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Canadian History for Kids: Georges Vanier

This year marks the 100th anniversary of the outbreak of World War One and Canadian History for Kids have assembled 31 remarkable stories about incredible people, places and events which helped shape our amazing nation.

A grateful nation never forgets a hero.

He rose to the position of Canada 19th Governor General, but at the beginning of the First World War, Georges-Philéas Vanier, was a young man looking to offer his service to both King and Country.

Georges Vanier was born on April 23, 1888 in Montreal, Quebec. In 1911 he was called to the Quebec bar and shortly thereafter began practicing law. In 1915 he enlisted in the Canadian Army. He became a recruiter and helped organize Canada’s first French-Canadian volunteer unit, the 22nd Battalion of the Canadian Expeditionary Force, also called the Vingt-deuxième Régiment or the VanDoos.

In 1918, as an officer with the VanDoos, he was leading an attack at Chérisy, France, when he was shot in the chest and both legs, losing his right leg. While recovering he demanded to remain in France. He was awarded the Military Cross twice; once in 1916 and another in 1919. He was also awarded the Distinguished Service Order in 1919.

In 1920 the VanDoos were proclaimed “Royal” by King George V and renamed Royal 22e Régiment. Georges Vanier commanded the VanDoos from 1926 to 1928.

In 1928 he was appointed to Canada’s delegate to what was then called the League and Nations (now called United Nations). He served as Canada’s representative to the United Nations until 1953.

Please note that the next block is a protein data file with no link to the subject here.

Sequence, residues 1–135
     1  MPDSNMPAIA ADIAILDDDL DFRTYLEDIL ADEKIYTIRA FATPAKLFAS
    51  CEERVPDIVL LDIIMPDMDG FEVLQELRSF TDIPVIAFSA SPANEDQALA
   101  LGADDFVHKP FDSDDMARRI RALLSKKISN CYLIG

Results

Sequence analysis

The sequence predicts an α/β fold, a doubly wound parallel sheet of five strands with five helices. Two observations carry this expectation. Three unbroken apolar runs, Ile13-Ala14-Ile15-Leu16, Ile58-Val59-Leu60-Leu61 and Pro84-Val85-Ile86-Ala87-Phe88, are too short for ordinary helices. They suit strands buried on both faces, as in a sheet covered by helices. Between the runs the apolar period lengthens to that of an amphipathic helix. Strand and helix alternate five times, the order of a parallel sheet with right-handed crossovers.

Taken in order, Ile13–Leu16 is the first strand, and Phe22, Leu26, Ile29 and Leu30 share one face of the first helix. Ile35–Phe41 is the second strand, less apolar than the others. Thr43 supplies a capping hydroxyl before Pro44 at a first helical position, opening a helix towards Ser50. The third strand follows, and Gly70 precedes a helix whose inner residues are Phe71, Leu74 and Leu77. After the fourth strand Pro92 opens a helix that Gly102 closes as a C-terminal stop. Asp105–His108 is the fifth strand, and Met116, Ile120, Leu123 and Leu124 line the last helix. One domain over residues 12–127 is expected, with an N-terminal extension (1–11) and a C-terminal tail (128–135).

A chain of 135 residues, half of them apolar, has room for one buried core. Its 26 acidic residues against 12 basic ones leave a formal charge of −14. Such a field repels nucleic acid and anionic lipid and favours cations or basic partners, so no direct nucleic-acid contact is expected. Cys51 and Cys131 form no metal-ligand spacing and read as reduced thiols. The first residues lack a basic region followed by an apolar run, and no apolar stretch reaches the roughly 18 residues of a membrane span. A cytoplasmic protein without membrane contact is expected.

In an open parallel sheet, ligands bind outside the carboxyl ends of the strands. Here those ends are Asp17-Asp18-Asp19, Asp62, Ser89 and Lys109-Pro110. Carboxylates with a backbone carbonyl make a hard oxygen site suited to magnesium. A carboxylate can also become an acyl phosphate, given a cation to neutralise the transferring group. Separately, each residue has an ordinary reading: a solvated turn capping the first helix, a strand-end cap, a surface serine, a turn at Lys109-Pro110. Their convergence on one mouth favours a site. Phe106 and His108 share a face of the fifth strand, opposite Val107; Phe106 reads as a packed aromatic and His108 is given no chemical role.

In 1939, he also became Canada’s Minister to France and later Canada’s first Ambassador to France until 1953.

During the War years Georges Vanier and his wife, Pauline, became very concerned with the displaced people and fought to have changes made in Canada’s refugee and immigration policy. From 1947 to 1953, almost 200,000 European refugees settled in Canada. One of their five children, Jean Vanier, continued the spiritual and humanitarian tradition of their parents establishing The Ark, a co-operative self-help community which helps those with mental handicaps to live full and productive lives.

In 1959, Georges Vanier was appointed Canada’s 19th (and first French-Canadian) Governor General by Queen Elizabeth II. He served as Governor General until his death on March 5, 1967.

During his time as Governor General he recognized such achievements as the Vanier Award for Outstanding Young Canadians for youth community involvement, the Vanier Medal of the Institute of Public Administration of Canada in 1962 for public service, and the Vanier Cup for sports achievements.

The Vanier Cup was first awarded in 1965 to the winner of the Canadian College Bowl, the national football championship of the Canadian Interuniversity Athletics Union (now called Canadian Interuniversity Sport).

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